I had the pleasure of speaking with a rather humble and extremely informative literary agent this past week. I won’t share his name with you (although he probably wouldn’t mind).
I picked his brain about everything and sundry re getting professionally published — the advances currently being offered, what’s hot, (what’s not), what agents and publishers are looking for, and so on.
I spoke briefly with a few others as well.
Below is a consolidation of what they told me re the non-fiction publishing scene these days, and what agents (and publishers) are looking for.
To get published, you need a network that you can promote your book to. “Business people need to get on Twitter.”
For a UK-market, ten thousand followers on Twitter (preferably with some influential followers) is considered respectable.
The US is a much bigger market and would require a network of far more.
Network also applies to your client-base, or anyone else you can leverage to get the word out about your book.
What’s the scene with business books?
Trade business books are in high demand, but not business books aimed directly at the business professional.
“Trade business books” are books with mass appeal — books which don’t really come across as “business” per se.
Think of a book titled “How to Work and Be Happy” compared to one titled “Everything You Need to Know about Running Payroll.”
The former could be a trade business book. The latter, not so much.
Decent advances can be obtained for trade biz books, not really for professional business books. (These are rules of thumb, of course.)
The other thing to know is that the professional business book market is glutted. There are just so many books being written by business professionals.
If you want to get a big contract, you need to have a helluva story/idea or a massive network — preferably both.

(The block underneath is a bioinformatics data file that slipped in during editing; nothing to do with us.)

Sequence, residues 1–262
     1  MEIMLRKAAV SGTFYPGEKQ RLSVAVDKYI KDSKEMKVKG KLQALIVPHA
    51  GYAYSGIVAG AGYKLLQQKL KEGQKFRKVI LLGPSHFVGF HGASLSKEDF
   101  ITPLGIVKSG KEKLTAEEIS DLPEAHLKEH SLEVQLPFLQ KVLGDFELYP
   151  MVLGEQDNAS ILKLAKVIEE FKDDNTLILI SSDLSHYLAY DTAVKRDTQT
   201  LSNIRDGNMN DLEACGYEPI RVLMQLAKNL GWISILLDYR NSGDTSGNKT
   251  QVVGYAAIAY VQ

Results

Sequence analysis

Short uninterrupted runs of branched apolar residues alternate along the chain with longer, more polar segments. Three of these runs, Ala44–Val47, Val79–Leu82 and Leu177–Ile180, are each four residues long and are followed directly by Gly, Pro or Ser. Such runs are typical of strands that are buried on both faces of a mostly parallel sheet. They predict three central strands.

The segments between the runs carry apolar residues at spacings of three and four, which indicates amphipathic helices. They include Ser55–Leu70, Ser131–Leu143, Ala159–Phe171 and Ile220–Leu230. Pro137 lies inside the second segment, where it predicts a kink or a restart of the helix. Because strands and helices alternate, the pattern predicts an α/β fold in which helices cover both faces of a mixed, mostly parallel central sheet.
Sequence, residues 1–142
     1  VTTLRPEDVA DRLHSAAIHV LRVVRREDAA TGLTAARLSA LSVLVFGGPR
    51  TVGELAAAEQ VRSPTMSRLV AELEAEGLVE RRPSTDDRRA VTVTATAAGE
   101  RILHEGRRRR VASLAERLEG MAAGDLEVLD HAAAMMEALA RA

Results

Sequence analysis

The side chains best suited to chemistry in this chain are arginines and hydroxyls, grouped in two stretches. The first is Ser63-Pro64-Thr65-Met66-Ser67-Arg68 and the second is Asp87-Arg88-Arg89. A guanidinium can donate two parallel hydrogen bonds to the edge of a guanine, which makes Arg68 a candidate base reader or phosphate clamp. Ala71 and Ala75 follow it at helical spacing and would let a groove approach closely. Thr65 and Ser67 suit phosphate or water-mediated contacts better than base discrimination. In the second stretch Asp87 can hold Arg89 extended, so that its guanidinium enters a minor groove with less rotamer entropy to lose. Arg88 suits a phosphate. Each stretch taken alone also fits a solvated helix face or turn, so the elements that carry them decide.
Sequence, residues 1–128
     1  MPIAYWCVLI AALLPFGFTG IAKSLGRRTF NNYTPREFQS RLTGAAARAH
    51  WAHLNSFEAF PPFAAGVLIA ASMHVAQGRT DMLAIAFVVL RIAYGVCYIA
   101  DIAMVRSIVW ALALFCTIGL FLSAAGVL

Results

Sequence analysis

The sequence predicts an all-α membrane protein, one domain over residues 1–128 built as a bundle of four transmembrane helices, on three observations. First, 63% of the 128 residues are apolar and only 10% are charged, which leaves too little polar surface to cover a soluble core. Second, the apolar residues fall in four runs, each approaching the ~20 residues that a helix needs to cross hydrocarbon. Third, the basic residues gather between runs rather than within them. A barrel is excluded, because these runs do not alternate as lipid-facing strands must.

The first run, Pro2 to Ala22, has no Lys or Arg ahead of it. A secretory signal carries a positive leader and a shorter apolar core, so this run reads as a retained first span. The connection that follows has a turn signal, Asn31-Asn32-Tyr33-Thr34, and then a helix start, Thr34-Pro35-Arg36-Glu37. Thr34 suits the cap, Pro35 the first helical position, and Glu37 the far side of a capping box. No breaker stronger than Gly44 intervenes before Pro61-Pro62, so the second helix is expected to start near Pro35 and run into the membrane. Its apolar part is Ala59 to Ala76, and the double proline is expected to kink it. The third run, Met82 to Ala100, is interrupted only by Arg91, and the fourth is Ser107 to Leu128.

Are there still advances? How much advance can people expect?
For “Professional Business Books” the advances are rather dismal.
Trade business books and general non-fiction can command advances of anything from twenty to seventy grand or even more.
US publishers give much higher opening offers than the UK.
Gone are the days of six-figure advances as par-for-the-course.
“As you know,” one agent told me, “the author bio is key in non-fiction.”
Some time ago, another (extremely experienced) agent told me that, unless the author is some Big Name (“Like Bill Gates,” to quote her exactly) then it “needs to be a killer story.”
I was reminded of Andrew Crofts’s ghostwritten book Sold, which became a best-seller even though Zana Muhsen, the author, was an unknown.
That was probably what is meant by a “killer story,” and I think Mr. Crofts did that one on spec. (I don’t recall if that’s correct — he talks about the project in his classic book Ghostwriting but it’s been a while since I read it.)
Why a professional ghostwriter can help smooth the way — a lot.
In fiction, you generally need to have a completed manuscript before approaching an agent. In non-fiction, the negotiation often starts with the pitch and the synopsis — no manuscript in hand.
If you have a “killer story” or one mega-network that you’ve built up, then chances are high that you’ll get a book sold to a publisher for a reasonable advance — provided you get a decent literary agent and can convince them you know how to write!
Although, even if you know how to write, few professionals have the time.
That’s where a ghostwriter comes in handy. (I’m not tooting my own horn. This is a hard fact of publishing. A lot of books are ghosted.) Agents know that when they’re working with an experienced ghost, they’ll get a polished manuscript delivered to them on time.
The world of publishing waits for no one — and certainly not for unknown authors.
If you have a finished manuscript when you approach an agent or publisher, they’re taking less of a gamble on you. But if you don’t have a completed manuscript, part of what you bring to the table is how fast you can deliver, and to what quality.
In this case, ghosts are essential.